10.2 | Taylor Series


If \(f\) has a power series representation (expansion) at \(c\), that is, if
$$
f(x) = \sum_{n = 0}^{\infty} a_n (x-c)^n \; \; |x-c| < R $$ then its coefficients are given by the formula $$ a_n = \frac{f^{(n)}(c)}{n!} $$
The Taylor series of \(f(x)\) centered at \(c\) is given by
$$
\sum_{n=0}^{\infty} \frac{f^{(n)}(c)}{n!}(x-c)^n
$$
That is,

$$
f(x) = f(c) + f'(c)(x-c) + \frac{f^{\prime \prime} (c)}{2!} (x-c)^2 + \frac{f^{\prime \prime \prime} (c)}{3!} (x-c)^3 + \cdots
$$
$$
\begin{aligned}
f(x) & = f(c) + f'(c)(x-c) + \frac{f^{\prime \prime} (c)}{2!} (x-c)^2 \\
& \; \; + \frac{f^{\prime \prime \prime} (c)}{3!} (x-c)^3 + \cdots
\end{aligned}
$$
$$
\begin{aligned}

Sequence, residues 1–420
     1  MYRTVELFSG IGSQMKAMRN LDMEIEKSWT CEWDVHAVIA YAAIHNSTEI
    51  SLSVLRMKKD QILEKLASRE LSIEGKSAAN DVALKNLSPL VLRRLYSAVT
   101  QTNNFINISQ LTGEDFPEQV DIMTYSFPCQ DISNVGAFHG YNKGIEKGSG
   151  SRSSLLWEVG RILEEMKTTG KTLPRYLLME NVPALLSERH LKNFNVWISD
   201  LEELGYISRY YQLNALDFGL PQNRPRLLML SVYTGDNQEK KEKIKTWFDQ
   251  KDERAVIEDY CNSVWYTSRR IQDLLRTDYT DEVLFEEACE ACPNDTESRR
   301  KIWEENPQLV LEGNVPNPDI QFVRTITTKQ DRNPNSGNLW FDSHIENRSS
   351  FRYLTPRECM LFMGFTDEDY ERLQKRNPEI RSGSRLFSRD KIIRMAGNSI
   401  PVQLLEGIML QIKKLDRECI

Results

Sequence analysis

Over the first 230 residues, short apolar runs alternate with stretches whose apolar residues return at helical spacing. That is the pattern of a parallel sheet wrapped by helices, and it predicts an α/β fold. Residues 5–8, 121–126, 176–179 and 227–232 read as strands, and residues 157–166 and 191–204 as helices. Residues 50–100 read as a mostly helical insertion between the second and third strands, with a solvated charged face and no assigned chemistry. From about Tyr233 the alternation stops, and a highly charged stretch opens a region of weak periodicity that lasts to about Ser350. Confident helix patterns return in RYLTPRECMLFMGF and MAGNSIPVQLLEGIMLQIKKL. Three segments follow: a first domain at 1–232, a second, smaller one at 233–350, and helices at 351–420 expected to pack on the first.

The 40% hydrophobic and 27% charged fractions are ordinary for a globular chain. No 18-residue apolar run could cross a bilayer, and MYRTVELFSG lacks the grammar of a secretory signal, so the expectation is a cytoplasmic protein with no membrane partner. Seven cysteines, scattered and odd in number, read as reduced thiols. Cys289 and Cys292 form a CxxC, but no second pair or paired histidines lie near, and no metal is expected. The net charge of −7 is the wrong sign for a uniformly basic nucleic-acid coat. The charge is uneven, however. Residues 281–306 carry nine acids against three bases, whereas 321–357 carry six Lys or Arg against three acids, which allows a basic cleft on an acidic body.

f(x) & = f(c) + f'(c)(x-c) \\
& \; \; + \frac{f^{\prime \prime} (c)}{2!} (x-c)^2 \\
& \; \; + \frac{f^{\prime \prime \prime} (c)}{3!} (x-c)^3 + \cdots
\end{aligned}
$$

If \(c = 0\), then this series is called a Maclaurin series.

The \(n\)-th degree Taylor polynomial of \(f(x)\) centered at \(c\) is given by
$$
T_n(x) = \sum_{k=0}^{n} \frac{f^{(k)}(c)}{k!}(x-c)^k
$$

That is,

$$
T_n(x) = f(c) + f'(c)(x-c) + \frac{f^{\prime \prime} (c)}{2!} (x-c)^2 + \cdots + \frac{f ^{(n)} (c)}{n!} (x-c)^n
$$
$$
\begin{aligned}
T_n(x) & = f(c) + f'(c)(x-c) \\
& \; \;+ \frac{f^{\prime \prime} (c)}{2!} (x-c)^2 + \cdots \\
& \; \;+ \frac{f ^{(n)} (c)}{n!} (x-c)^n
\end{aligned}
$$
$$
\begin{aligned}
T_n(x) & = f(c) + f'(c)(x-c) \\
& \; \;+ \frac{f^{\prime \prime} (c)}{2!} (x-c)^2 + \cdots \\
& \; \;+ \frac{f ^{(n)} (c)}{n!} (x-c)^n
\end{aligned}
$$

The remainder is given by \(R_n(x) = f(x) – T_n(x) \)
If \(c = 0\), then this series is called a Maclaurin polynomial and we use the notation \(M_n(x)\) instead of \(T_n(x)\).

E 10.2 Exercises